What are these pancakes on my feet and why do I need them?: A Southerner’s guide to snowshoes
By: Bryan Goldner
Photo credits: Samantha Palmer
I found myself buried in snow somewhere between “I think I can climb out” and “Maybe they’ll find me in a couple days”. As I lay there, it seemed to me that I was going about this whole walking in the snow business all wrong. The snowshoe is a foreign concept to those of us from the Southeastern U.S. For thousands of years however, the snowshoe represented the pinnacle of technology for traversing frozen landscapes. It was only logical then, that I should become proficient in the use of these vehicles if I had any intention of surviving Minnesota. So with a little trial and quite a bit of error I was able to devise a few tips for those with a more temperate disposition.
1.) Overconfidence is the enemy.
It can be easy to get caught up in the exhilarating feeling of walking over snow like Eskimo Jesus, but don’t let it go to your head. Traipsing around in the forest for a couple days does not make you an expert. Overconfidence sows the seeds of carelessness and carelessness invariably leads to error.
2.) Never, ever, ever, walk backwards.
Like most primitive vehicles, snowshoes have no reverse. There is nothing more futile than trying to walk backwards while wearing a pair. If you decide that you must walk backwards for whatever reason, be prepared to become one with the snow. As a note, while only a slight extension of your normal standing base, snowshoes miraculously have the turning radius of a school bus.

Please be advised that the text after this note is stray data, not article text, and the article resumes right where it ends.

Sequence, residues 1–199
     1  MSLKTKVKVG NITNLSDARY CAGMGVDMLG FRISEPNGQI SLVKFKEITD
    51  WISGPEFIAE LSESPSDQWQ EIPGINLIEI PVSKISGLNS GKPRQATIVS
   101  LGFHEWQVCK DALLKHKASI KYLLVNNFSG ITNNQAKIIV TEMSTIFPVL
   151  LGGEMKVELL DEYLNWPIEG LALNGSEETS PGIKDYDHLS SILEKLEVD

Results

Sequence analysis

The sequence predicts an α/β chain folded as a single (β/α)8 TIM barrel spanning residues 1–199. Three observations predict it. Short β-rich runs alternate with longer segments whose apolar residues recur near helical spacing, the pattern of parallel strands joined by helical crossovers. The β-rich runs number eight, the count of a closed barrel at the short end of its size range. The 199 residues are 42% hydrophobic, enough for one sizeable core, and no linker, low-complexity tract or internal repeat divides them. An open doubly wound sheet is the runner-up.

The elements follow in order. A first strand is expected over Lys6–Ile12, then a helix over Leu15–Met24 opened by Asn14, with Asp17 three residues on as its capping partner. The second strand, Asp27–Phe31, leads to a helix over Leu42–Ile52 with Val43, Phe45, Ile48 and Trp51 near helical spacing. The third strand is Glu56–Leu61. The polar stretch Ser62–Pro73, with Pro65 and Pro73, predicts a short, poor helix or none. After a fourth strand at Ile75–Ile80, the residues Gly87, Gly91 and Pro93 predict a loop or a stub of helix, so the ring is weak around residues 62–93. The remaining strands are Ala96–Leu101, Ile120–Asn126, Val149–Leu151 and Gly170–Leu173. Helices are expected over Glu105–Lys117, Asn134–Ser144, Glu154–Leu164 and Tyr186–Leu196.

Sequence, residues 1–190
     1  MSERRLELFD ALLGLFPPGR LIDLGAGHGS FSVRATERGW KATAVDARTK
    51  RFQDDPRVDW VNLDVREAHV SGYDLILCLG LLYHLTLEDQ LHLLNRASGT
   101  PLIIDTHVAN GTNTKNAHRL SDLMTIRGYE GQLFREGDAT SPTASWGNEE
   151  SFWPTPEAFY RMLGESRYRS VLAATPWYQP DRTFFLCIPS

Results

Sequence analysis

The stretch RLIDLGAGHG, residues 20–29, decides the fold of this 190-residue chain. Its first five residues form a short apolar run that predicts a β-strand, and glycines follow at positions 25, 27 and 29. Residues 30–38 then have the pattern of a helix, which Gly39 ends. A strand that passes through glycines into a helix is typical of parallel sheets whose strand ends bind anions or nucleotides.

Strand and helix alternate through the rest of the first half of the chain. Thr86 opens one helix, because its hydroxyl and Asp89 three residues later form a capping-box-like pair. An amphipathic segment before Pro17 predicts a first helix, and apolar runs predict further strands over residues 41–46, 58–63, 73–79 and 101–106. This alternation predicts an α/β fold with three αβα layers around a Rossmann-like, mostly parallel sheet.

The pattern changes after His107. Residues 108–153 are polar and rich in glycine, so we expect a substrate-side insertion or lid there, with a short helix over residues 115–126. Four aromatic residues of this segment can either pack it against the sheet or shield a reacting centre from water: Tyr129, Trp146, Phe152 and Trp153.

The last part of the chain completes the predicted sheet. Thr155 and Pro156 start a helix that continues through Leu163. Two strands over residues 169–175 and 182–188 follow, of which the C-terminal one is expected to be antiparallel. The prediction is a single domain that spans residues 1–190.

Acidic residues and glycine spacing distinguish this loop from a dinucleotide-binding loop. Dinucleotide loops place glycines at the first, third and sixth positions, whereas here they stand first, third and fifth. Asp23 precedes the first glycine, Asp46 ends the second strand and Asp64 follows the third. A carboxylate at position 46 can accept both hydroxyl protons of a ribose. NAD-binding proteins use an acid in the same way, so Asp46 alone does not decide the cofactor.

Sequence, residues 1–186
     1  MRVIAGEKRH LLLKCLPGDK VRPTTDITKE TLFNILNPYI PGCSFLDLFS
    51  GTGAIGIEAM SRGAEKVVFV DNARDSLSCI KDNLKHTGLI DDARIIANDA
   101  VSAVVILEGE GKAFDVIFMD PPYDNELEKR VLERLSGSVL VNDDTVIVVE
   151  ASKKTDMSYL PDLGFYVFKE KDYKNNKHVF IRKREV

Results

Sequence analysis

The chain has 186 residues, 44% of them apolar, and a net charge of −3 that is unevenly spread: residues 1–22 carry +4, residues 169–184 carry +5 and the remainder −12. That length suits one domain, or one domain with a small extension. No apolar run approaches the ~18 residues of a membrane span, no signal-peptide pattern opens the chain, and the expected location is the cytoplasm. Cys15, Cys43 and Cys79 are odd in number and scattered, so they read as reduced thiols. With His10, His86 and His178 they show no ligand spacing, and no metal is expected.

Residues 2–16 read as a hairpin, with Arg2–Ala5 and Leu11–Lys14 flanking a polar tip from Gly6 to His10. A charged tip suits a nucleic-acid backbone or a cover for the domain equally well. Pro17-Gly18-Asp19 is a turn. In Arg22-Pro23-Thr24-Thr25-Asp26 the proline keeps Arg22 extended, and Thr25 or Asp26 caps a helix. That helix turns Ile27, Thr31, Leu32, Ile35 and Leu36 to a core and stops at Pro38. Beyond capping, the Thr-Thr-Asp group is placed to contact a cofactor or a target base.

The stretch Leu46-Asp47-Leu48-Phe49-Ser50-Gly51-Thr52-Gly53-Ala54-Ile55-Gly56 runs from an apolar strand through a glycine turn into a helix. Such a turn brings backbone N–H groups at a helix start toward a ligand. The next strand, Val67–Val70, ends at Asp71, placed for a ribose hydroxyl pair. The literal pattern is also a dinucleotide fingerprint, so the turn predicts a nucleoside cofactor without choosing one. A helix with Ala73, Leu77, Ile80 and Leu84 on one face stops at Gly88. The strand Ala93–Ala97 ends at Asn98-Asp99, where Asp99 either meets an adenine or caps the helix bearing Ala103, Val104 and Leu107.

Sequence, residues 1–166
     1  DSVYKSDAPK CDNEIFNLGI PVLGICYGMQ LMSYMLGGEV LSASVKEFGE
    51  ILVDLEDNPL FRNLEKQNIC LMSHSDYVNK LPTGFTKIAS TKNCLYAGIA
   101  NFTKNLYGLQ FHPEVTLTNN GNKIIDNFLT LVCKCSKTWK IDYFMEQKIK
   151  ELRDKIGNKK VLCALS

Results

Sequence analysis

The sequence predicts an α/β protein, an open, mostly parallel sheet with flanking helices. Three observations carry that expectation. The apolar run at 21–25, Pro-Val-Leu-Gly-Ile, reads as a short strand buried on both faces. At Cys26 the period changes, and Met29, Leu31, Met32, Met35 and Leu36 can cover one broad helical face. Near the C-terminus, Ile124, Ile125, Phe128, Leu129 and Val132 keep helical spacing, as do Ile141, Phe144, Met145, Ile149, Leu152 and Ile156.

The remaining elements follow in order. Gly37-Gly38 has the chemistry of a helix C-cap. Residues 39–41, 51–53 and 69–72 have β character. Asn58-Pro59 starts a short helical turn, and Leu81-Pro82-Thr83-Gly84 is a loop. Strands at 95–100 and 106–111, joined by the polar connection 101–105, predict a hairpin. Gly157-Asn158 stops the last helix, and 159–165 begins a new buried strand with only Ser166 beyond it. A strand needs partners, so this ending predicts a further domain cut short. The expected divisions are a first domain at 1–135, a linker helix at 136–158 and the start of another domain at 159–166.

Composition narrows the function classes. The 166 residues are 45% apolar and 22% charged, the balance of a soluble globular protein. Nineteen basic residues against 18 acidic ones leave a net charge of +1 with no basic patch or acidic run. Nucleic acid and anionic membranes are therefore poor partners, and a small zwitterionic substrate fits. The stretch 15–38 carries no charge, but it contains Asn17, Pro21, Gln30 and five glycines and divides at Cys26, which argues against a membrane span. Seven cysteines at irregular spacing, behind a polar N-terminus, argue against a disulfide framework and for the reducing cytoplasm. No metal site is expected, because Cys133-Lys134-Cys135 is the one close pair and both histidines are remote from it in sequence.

3.) Your greatest natural hazard is a minute sapling stump.
Never has a tiny tree been a greater threat to your well-being than the moment you strap on a pair of snowshoes. They lay in wait, hidden just under the surface of the snow. Then, like ninjas of the forest, they strike at your heels. If you get caught by one, may the gods have mercy on your soul. Your only means of escape from the deadly grasp of a sapling stump is to leave your shoe to the wolves…at least you have one left.
4.) Downhill slopes turn snowshoes into skis.
If you are working on steep terrain you may as well enjoy the slopes because traction will be a thing of the past. Don’t worry though, if you are wearing all of your personal protective equipment you should be able to take a considerable amount of damage without serious injury. Oh, and always remember, when in doubt pizza… french fry… pizza… french fry.
Working in the snow makes almost every task more difficult, but snowshoes make these tasks difficult in a different, less terrible way. Despite their shortcomings, snowshoes give you an incredible amount of access to the wilderness and allow you to see places and scenery that are seldom seen by others. When you are standing over a frozen lake, far from the world, listening to the sound of snowflakes accumulate you’ll thank someone that you had snowshoes to make the trip.